the carcass is handled carefully and the meat
is stored correctly."
Raab is co-author of "Big Game" with W.
Daniel Edge, OSU Extension wildlife
specialist, and Jan Busboom, Washington
State University Extension meat specialist.
Photos illustrate various steps in handling
the kill in the field as well as skinning, and
cutting up the carcass. A chart shows expected
yields of bone-in and boneless cuts from
field dressed weight
In the section on preparing game meat,
hunters and their families will find a chart
showing calories, protein, fat and cholesterol .
in serving of cooked meat The chart uses ,
beef as a comparison meat
There is also information about preparing
the meat for the table, including marinating,
cooking hints, and selected recipes.;
Information about preserving game meat by
freezing, canning, and drying is also included.
copies of "Big game from Hunt to Home," .
EC 1434, is available for $2.75 by mail from :
Publications Order, Agricultural
Communications, OSU Administrative
Services A422, Corvallis 97331-2119. We
need to charge for this publication in Warm ,
Springs as well. We have a few older
publications called "Boning out Your Deer"
that are free.
OSUWarm Springs Extension Service has lots of
different kinds of canning publications free in Warm
Only the new wild game booklet has a charge.
We will also check the gauges of your pressure
canner for free. Please protect your family...have the
gauge tested every year.
cigarettes not
really light
MYTH: Light cigarettes are "light"
. FACT: If you think you are getting less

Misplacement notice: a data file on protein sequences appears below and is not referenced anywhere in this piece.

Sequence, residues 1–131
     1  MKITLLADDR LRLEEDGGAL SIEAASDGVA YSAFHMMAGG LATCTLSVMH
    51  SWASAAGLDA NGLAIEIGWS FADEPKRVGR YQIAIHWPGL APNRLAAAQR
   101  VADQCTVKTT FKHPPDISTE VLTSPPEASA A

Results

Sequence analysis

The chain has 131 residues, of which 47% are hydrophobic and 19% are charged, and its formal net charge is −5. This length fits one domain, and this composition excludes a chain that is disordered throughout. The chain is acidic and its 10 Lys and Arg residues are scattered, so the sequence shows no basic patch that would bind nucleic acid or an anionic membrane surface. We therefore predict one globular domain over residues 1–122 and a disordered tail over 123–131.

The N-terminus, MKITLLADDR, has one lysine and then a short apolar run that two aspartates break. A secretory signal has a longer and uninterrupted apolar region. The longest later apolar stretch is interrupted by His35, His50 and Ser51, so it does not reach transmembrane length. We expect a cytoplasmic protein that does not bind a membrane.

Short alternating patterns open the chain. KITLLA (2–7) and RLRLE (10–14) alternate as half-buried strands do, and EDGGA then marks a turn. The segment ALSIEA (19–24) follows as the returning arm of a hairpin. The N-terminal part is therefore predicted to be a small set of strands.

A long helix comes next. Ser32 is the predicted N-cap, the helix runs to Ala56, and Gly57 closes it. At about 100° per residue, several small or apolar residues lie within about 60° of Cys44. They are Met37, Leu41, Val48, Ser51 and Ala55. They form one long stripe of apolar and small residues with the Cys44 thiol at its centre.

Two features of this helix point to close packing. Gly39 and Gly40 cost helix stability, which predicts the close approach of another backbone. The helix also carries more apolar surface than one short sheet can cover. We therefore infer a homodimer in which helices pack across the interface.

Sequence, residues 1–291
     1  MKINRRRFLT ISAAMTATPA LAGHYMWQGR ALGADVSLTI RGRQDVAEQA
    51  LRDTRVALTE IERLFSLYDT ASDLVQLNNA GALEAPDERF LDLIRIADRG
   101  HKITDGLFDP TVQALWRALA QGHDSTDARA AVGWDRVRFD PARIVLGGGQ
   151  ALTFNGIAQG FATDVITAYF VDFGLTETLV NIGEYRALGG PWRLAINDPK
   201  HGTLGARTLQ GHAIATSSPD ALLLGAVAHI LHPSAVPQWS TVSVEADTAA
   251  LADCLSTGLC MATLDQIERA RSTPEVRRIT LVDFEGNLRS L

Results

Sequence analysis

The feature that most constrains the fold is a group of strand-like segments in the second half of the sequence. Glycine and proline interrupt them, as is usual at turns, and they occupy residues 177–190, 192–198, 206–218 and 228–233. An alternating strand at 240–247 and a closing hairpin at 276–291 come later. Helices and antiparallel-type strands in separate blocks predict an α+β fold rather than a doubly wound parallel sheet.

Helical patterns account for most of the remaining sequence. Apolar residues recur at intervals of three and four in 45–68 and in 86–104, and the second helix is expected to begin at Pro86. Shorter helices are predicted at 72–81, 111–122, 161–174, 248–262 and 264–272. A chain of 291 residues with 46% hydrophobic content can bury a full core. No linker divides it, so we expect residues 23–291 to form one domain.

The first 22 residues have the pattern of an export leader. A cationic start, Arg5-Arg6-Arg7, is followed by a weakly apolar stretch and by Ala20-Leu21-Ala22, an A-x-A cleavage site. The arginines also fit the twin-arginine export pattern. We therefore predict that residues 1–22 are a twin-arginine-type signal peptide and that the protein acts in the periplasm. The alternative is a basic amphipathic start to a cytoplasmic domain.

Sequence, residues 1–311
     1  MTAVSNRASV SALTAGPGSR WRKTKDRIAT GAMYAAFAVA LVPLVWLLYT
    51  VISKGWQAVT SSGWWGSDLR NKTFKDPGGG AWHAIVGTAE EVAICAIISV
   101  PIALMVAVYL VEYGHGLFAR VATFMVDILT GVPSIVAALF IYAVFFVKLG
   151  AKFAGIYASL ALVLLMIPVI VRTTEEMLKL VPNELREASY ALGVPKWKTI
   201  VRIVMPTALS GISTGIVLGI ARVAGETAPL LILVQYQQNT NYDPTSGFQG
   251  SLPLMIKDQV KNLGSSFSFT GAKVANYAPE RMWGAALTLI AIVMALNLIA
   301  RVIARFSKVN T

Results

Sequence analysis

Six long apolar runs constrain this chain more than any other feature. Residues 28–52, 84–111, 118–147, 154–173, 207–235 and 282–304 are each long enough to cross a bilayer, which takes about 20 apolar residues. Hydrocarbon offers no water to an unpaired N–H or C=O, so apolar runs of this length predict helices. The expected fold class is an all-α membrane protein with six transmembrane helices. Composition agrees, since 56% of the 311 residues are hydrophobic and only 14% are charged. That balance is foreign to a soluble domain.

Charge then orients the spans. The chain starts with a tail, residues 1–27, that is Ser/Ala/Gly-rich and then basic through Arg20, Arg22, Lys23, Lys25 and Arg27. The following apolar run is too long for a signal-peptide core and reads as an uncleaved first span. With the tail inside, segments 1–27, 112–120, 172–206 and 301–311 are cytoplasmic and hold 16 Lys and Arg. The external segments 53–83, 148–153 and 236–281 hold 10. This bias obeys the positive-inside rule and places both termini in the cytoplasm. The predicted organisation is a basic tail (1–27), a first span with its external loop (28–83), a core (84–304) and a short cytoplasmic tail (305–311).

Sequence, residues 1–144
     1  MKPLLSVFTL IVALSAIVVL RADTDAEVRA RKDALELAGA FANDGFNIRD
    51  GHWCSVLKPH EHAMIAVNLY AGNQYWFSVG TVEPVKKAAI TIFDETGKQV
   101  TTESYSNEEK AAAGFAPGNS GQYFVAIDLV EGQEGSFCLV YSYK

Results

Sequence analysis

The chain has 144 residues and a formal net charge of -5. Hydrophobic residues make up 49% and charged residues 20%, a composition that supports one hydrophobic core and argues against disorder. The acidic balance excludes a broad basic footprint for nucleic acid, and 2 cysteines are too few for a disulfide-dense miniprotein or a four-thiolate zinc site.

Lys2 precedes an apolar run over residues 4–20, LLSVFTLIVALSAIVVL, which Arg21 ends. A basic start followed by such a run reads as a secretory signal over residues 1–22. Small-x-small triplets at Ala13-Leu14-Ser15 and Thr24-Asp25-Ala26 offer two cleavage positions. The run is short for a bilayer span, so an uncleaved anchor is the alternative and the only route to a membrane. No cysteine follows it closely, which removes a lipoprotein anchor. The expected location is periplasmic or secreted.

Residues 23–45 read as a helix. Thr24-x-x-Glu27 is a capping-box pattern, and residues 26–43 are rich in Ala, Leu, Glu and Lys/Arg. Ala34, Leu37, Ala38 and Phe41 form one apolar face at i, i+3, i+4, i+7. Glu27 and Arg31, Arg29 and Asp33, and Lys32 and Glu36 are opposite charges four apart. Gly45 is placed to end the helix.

tar, nicotine and carbon monoxide from
"low-yield" cigarettes and have thus
reducing your health risks, you are
probably kidding yourself. The amount
of tar and nicotine listed on the package
has little to do with the amount a person
inhales. The tobacco companies
measure cigarette yields by using
smoking machines, which take
standardized puffs. However, people
don't smoke that way, they usually
compensate for the low yield by puffing
more, inhaling deeper, and smoking the
cigarette down to the filter. They may
also smoke more cigarettes. For this
reason, the FTC is reexamining its
methods for measuring compounds in
Thus studies have shown that there's
little correlation between stated nicotine
yields from various brands and the
nicotine levels measured in the blood of.
smokers. In effect, smokers are able to
get the same amount of nicotine, their
"fix," no matter what brand they smoke.
Recent Congressional hearings revealed
that the tobacco companies manipulate
nicotine yields in subtle ways to keep
smokers hooked.
The notion that "light" cigarettes are
safer has been shot down by a numberof
studies. For instance, 1989 study from